Her grin had never been more devilish, and there was mischief in her eyes.

“Whatever you do,” she said, “don’t let go.”

Suddenly we were falling. I heard screaming as we plummeted toward the earth. When we were about a hundred yards from the ground, Jenny lifted us back up, and all I could hear was the wind and her laughter. She didn’t stop until we reached the old Fire Tower on Sharp’s Ridge.

“I never would have guessed you were a screamer.” She grinned and shouldered me playfully as we sat on top of the tower, holding hands and watching the sun descend as dozens of kids darted around us, rising and falling on the horizon like a flock of strange birds.

“Maybe if I’d had a little warning.”

“Maybe, but I don’t think so. My brother has always said that people are either screamers or they’re not. There’s no in-between.” That wicked grin appeared again, but this time she seemed to be considering something. Quickly, she leaned forward and kissed me. Nothing fancy, just a quick pop on the lips. “Come on,” she said. “I gotta get home. Mom probably thinks I’ve flown to Tokyo by now. I’ve been threatening her ever since I got the Glyph.”

* * * * *

It was the kiss that did it. With the memory of it still fresh, I drove home with a purpose after Jenny dropped me back at the school. After close to six years of playing classic rock covers at the local pizzeria every Saturday night, and having parents that always bought me the latest video games in order to distract me from all the other kids flaunting their Glyphs, I had just over five thousand dollars. I kept the roll of twenties stashed inside my first acoustic, and as I shook the guitar to get it to fall out, I realized I’d never actually heard how much Glyphs cost. I hoped I had enough.

Replaying the memory of Jenny’s kiss again, I pushed the door of Union Jack’s open and stepped into the stench of stale smoke. There were several old men sitting at the bar, puffing cigarettes and sipping beers. The bartender looked up and scowled. “I hope you’re not looking for a drink,” he said.

I shook my head and opened my mouth to speak, but then shut it.

“In that case,” the man pointed over his shoulder. “Ayita’s back there somewhere. She’ll take care of you.”

I nodded before walking past two old pool tables covered in stains that could have been blood or vomit. My shoes stuck to the floor, making a strange sucking sound each time I took a step. The haze of smoke made my eyes water, and I couldn’t figure out why anyone would want to hang out there.

I made my way past the bathrooms and through a curtain of beads. The floor changed from wood to concrete as I stepped through, and there was a draft coming from somewhere. It was still smoky, but the odor had changed. I could never remember what that particular scent was called, but Dad always called it “hippie.” There were a few tables and chairs scattered about, but there was no Ayita. Thinking that maybe she’d stepped out for a second, I moved to sit down.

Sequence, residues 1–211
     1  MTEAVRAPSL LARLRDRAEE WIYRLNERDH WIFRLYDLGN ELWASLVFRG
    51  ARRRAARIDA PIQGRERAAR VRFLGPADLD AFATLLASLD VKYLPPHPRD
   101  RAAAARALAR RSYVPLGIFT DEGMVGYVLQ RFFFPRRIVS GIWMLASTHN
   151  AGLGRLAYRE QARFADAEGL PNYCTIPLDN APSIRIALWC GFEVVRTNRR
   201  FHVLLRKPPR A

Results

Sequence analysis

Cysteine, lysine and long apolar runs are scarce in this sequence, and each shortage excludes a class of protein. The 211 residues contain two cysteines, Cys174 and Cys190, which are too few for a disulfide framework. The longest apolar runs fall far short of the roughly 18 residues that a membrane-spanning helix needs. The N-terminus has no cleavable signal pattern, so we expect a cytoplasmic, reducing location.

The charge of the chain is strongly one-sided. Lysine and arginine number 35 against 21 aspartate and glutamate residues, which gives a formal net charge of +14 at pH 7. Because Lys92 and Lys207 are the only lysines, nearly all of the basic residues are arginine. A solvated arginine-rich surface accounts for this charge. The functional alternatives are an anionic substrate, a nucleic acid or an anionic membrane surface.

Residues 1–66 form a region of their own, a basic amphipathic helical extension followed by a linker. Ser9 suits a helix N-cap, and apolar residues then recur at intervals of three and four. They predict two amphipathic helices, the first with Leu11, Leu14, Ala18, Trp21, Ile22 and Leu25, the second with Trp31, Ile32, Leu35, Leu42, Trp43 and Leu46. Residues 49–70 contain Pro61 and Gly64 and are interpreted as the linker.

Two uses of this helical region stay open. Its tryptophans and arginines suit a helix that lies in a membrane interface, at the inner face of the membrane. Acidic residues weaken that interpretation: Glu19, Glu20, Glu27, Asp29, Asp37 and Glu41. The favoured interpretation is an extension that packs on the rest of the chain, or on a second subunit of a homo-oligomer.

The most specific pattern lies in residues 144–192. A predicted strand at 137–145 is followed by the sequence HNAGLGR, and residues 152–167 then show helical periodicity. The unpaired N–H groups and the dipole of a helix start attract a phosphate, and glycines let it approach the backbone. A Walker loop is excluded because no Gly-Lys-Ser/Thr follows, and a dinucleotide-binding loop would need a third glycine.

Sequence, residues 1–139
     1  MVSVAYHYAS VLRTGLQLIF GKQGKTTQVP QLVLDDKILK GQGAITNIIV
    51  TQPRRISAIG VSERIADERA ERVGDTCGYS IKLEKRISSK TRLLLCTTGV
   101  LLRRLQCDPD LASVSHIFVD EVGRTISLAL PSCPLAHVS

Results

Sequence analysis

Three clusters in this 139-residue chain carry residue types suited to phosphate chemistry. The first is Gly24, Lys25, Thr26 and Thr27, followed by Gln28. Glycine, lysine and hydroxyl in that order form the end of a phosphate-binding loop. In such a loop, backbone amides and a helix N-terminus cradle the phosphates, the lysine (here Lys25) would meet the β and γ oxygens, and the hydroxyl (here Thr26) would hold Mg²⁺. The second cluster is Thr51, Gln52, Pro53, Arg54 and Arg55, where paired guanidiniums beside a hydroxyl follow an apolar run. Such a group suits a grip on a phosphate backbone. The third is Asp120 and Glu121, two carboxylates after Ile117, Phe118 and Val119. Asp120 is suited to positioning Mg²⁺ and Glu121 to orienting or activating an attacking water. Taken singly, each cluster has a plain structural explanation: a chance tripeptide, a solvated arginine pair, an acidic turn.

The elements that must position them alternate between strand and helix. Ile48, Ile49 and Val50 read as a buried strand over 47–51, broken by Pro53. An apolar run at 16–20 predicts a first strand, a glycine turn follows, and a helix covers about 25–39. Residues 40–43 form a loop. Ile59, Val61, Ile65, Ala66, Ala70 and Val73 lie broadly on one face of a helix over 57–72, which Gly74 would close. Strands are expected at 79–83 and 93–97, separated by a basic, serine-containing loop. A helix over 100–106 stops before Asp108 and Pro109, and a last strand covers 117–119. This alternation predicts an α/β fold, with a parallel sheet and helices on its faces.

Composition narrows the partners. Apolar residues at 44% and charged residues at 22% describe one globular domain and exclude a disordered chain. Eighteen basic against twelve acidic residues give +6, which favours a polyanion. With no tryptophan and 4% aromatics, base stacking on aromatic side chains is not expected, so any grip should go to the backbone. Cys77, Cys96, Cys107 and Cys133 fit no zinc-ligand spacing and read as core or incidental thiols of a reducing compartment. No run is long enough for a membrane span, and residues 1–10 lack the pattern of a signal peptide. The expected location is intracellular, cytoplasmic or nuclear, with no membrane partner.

“Look at this pretty young thing.” I jumped before I made it into the chair. The voice had been female, but I couldn’t see where it had come from. “He’s jumpy, too.”

A woman, tall and beautiful in a dangerous sort of way, melted out of the wall. She wore dark jeans, thigh-high boots, and a mesh tank top that left her naked from the waist up. My eye twitched a little. The woman, whom I assumed was Ayita, stepped forward and lifted my chin, turning my head slightly to the side, examining me. I tried to look her in the eye, but there was something powerful in her dark eyes, almost frightening. I settled for staring at her chest.

“You’re not a cop, are you?”

The question took me by surprise. Surely she could tell I wasn’t old enough to be a cop. I shook my head and stammered out something like “of course not,” but I was still so entranced by how much of her I could see that I really didn’t know what I said.

“I had to be sure. If I find out you’re lying to me, you’ll regret it. I’ve touched you. Do you see this?” She pointed to a tattoo below her left breast, a bloodhound with a compass on its collar. I nodded. “It means I can find you anytime I want.” She smiled and waited, letting her words settle into my mind. When she was satisfied I understood, she sat behind an old, scratched table and took a sip of the blackest beer I had ever seen.

“So, what’ll it be?” She asked, motioning me to the chair across from her.

“Um… what’ve you, like, got?”

She chuckled. “Dearie, I’ve got anything you could possibly imagine. I’ve got Flight, I’ve got Invisibility. Teleportation. Seduction. Strength, Intelligence, and Healing. You name it, I’ve got it.”

“How much for Flight?”

She smiled again. It was a nice smile, full of small, straight teeth. “The kiddies always want the wings. You want true Flight or just Levitation?”

“How much for true Flight?”

“A grand. You can get Levitation for six-fifty, though. It’ll still impress the little girlies.”